Dr Trevor Willis, senior lecturer and course leader of MSc Applied Aquatic Biology, writes about his experience working with the University’s media team.
The wider public is always interested in stories of animals doing unexpected things, and that interest is even greater when the story can be packaged as a vignette – much as David Attenborough does so successfully for BBC documentaries. It helps even more if the animal in question is nice to look at.
With my colleagues in Sicily, and with the help of two undergraduate project students, I recently published such a natural history story in the Royal Society journal Biology Letters. The paper described our investigation into the feeding behaviour of nudibranchs, which are colourful and attractive sea slugs that live and feed upon hydrozoans – colonial invertebrates that are related to corals. Our discovery was that the nudibranchs use the hydrozoans as a fishing rod – being stimulated to feed when plankton are captured, and consuming the hydrozoan polyp along with its erstwhile prey. Imagine a garden snail eating a mosquito by ambushing and eating the spider that had caught it. We called this strategy “kleptopredation”.
When the paper was accepted, I called the press office to see how they felt about putting out a release, and was received with great enthusiasm. Media and communications officer Rachel Jones came to interview me, explaining that she was a non-specialist and I would need to explain everything clearly – just as I would to any lay audience. This worked out brilliantly for all concerned and illustrates how the press office works. I had to think carefully about explaining the work and Rachel put together a release designed to grab the attention of journalists and explain what we had found in the clearest possible way. She then identified media outlets that might be interested and issued the release.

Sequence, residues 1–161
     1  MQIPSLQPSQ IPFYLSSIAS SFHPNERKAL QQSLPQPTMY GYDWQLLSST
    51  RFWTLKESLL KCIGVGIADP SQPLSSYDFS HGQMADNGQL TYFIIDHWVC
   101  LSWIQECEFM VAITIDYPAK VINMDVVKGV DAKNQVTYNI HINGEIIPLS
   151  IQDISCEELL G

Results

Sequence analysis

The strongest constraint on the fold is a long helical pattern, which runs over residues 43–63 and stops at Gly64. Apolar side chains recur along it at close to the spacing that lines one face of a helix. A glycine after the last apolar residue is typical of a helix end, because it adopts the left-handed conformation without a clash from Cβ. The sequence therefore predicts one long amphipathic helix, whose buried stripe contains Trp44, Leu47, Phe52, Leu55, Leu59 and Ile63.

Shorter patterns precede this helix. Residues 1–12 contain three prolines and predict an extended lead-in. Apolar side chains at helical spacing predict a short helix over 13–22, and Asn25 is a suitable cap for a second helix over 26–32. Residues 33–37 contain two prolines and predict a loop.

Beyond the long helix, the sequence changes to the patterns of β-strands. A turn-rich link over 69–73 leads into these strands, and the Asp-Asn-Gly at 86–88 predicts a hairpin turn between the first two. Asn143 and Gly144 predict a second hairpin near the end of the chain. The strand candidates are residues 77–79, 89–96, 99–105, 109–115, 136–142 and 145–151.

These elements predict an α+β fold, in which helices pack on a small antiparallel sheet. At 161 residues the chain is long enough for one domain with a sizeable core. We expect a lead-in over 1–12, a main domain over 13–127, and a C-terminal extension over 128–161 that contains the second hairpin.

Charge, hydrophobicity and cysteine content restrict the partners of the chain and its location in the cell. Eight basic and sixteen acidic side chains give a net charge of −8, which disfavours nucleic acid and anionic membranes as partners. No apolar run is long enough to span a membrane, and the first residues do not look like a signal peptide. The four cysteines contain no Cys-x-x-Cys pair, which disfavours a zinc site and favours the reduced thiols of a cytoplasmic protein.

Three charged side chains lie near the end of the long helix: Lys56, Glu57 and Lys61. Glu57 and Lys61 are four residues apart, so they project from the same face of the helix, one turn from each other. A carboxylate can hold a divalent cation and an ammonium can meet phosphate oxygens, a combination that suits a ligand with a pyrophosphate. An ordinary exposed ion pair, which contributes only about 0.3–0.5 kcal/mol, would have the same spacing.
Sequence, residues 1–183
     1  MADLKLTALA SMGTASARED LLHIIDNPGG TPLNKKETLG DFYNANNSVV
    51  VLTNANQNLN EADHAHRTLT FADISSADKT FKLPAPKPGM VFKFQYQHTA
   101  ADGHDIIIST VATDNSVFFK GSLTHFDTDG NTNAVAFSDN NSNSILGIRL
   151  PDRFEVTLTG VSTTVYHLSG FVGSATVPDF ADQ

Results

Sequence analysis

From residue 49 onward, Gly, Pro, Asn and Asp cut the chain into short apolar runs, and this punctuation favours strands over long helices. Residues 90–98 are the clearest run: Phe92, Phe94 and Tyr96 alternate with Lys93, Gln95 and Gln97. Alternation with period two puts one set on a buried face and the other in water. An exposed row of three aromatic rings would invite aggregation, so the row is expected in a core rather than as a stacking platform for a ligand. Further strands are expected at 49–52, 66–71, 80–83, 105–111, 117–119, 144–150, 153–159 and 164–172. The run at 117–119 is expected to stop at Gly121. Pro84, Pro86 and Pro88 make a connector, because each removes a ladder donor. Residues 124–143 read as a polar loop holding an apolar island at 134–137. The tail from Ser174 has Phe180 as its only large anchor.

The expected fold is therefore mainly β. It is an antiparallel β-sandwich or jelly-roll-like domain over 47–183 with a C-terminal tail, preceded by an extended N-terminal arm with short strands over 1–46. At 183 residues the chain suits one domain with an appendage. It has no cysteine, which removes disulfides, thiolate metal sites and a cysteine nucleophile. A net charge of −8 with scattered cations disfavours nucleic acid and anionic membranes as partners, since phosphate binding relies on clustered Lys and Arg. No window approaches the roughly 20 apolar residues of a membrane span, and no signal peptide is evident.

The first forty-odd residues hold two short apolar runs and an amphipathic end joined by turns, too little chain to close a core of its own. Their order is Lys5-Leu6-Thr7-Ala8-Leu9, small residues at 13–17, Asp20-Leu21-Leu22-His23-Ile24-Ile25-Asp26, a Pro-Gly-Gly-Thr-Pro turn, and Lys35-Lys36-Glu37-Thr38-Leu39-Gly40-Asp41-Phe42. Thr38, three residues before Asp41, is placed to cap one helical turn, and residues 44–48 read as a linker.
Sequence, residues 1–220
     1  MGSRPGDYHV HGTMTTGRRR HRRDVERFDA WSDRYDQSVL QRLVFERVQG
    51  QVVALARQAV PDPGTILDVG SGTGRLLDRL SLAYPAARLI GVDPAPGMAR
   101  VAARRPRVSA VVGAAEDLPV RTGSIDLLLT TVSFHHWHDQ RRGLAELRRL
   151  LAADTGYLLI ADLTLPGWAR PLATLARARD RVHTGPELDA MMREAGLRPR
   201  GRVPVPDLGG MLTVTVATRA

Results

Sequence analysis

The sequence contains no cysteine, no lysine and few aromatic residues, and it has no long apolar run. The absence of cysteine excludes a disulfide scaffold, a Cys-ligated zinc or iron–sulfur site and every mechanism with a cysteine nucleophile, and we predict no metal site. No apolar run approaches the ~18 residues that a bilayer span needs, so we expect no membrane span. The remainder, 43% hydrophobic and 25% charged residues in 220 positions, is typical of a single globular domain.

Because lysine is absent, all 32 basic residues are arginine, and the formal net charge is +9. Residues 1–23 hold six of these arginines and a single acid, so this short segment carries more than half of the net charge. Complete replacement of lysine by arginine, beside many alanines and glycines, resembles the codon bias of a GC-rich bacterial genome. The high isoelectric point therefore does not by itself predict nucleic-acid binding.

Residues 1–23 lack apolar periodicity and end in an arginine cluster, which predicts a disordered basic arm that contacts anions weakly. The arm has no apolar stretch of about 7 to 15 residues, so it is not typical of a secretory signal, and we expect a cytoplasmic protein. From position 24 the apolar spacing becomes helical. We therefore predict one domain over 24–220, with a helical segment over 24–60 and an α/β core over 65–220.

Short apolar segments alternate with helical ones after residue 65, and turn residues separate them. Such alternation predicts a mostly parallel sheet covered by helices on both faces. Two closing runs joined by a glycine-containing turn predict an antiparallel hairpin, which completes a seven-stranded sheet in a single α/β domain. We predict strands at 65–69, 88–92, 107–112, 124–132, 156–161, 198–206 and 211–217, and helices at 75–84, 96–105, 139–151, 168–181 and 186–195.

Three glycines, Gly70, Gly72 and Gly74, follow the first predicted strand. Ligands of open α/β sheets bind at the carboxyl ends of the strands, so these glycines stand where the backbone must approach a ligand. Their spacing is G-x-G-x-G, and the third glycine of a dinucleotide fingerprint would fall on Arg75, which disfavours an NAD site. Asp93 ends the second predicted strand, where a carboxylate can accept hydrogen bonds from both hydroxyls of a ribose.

The day the paper was published the story was picked up by the New York Times, and various other US newspapers and websites, as well as the news feed for the journal Science. Within three days I had done a number of interviews for UK outlets as well, including an on-camera piece for BBC South Today. This caused some mirth for my Italian colleagues seeing me talk about a Mediterranean animal while gazing meaningfully across Langstone Harbour.
Media stories are contagious. Italian agencies had given little attention to the press release put out by my co-workers there, but once the story had appeared on UK and US media, we were interviewed by the Rome national daily La Repubblica, and my-coauthor was on his way to Rome for a studio interview on RAI (the Italian version of the BBC). I was also approached by a UK natural history magazine called Biosphere for whom I wrote a feature describing the back story to the work.
It may be coincidence, but I picked up a research grant from the British Ecological Society just after all the media attention, and am now advertising a faculty PhD position. I could not really have asked for better publicity for continuing our work!
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